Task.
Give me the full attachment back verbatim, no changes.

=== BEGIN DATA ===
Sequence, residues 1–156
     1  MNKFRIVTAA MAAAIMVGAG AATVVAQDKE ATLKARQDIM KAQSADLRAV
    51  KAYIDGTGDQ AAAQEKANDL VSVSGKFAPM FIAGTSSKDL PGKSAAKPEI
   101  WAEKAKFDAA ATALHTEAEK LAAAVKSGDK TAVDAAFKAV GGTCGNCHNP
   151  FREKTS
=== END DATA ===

Sequence, residues 1–156
     1  MNKFRIVTAA MAAAIMVGAG AATVVAQDKE ATLKARQDIM KAQSADLRAV
    51  KAYIDGTGDQ AAAQEKANDL VSVSGKFAPM FIAGTSSKDL PGKSAAKPEI
   101  WAEKAKFDAA ATALHTEAEK LAAAVKSGDK TAVDAAFKAV GGTCGNCHNP
   151  FREKTS